The Magic Finger

Front Cover
Puffin Books, 1993 - Hunting stories - 63 pages
To the Gregg family, hunting is just plain fun. To the girl who lives next door, it's just plain horrible. She tries to be polite. She tries to talk them out of it, but the Greggs only laugh at her. Then one day the Greggs go too far, and the little girl turns her Magic Finger on them. When she's very, very angry, the little girl's Magic Finger takes over. She really can't control it, and now it's turned the Greggs into birds! Before they know it, the Greggs are living in a nest, and that's just the beginning of their problems.... [www.amazon.fr]

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LibraryThing Review

User Review  - JosephCamilleri - LibraryThing

The narrator is an eight-year old girl whose "magic finger" wreaks revenge on whoever upsets her. The Greggs, her duck-hunting neighbours, get a taste of the finger when they ignore the girl's pleas ... Read full review

LibraryThing Review

User Review  - renardkitsune - LibraryThing

When my daughters were in first and second grade, we cracked this book open after watching Matilda. When didn't go straight to Matilda, because it seemed a little long for them, but after they gobbled ... Read full review

Contents

Section 1
17
Section 2
19
Section 3
40
Copyright

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About the author (1993)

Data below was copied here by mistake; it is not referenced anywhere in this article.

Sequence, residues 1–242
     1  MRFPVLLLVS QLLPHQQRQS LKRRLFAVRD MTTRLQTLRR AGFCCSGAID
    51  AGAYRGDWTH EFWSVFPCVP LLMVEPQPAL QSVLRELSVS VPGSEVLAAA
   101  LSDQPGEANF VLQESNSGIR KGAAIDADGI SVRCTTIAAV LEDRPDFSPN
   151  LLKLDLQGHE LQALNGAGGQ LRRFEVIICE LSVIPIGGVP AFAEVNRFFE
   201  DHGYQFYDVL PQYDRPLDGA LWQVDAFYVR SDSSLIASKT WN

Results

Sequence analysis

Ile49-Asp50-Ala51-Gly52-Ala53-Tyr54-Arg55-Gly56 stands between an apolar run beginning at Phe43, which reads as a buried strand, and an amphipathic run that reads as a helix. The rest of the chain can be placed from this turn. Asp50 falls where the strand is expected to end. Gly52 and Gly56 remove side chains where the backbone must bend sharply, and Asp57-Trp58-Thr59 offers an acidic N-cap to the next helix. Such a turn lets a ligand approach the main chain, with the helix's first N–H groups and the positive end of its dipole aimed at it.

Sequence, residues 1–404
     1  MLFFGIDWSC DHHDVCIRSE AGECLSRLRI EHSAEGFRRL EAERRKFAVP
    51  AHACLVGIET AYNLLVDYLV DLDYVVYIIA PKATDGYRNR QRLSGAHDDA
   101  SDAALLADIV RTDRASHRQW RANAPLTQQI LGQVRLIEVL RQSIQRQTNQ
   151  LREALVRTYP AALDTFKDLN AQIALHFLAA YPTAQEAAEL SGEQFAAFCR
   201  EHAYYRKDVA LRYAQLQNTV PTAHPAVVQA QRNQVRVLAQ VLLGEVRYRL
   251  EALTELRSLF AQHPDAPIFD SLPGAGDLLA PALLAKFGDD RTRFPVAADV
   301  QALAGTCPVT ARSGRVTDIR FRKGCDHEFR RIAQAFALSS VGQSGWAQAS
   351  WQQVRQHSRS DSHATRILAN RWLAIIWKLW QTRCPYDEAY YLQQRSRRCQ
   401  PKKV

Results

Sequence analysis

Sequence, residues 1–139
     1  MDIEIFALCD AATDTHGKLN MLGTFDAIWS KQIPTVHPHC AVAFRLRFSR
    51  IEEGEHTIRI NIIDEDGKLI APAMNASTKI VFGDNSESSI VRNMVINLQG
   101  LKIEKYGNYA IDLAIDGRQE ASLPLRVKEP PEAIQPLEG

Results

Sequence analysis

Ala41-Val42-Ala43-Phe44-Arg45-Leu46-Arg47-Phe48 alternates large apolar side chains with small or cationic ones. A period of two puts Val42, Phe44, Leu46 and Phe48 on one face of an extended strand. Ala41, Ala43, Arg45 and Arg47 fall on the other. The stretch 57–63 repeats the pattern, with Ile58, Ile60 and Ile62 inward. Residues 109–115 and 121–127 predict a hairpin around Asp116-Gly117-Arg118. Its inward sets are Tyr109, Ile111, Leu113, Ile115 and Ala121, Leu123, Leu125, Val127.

Roald (pronounced "Roo-aal") was born in Llandaff, South Wales. He had a relatively uneventful childhood and was educated at Repton School. During World War II he served as a fighter pilot and for a time was stationed in Washington, D.C.. Prompted by an interviewer, he turned an account of one of his war experiences into a short story that was accepted by the Saturday Evening Post, which were eventually collected in Over to You (1946). Dahl's stories are often described as horror tales or fantasies, but neither description does them justice. He has the ability to treat the horrible and ghastly with a light touch, sometimes even with a humorous one. His tales never become merely shocking or gruesome. His purpose is not to shock but to entertain, and much of the entertainment comes from the unusual twists in his plots, rather than from grizzly details. Dahl has also become famous as a writer of children's stories. In some circles, these works have cased great controversy. Critics have charged that Dahl's work is anti-Semitic and degrades women. Nevertheless, his work continues to be read: Charlie and Chocolate Factory (1964) was made into a successful movie, The BFG was made into a movie in July 2017, and his books of rhymes for children continue to be very popular.

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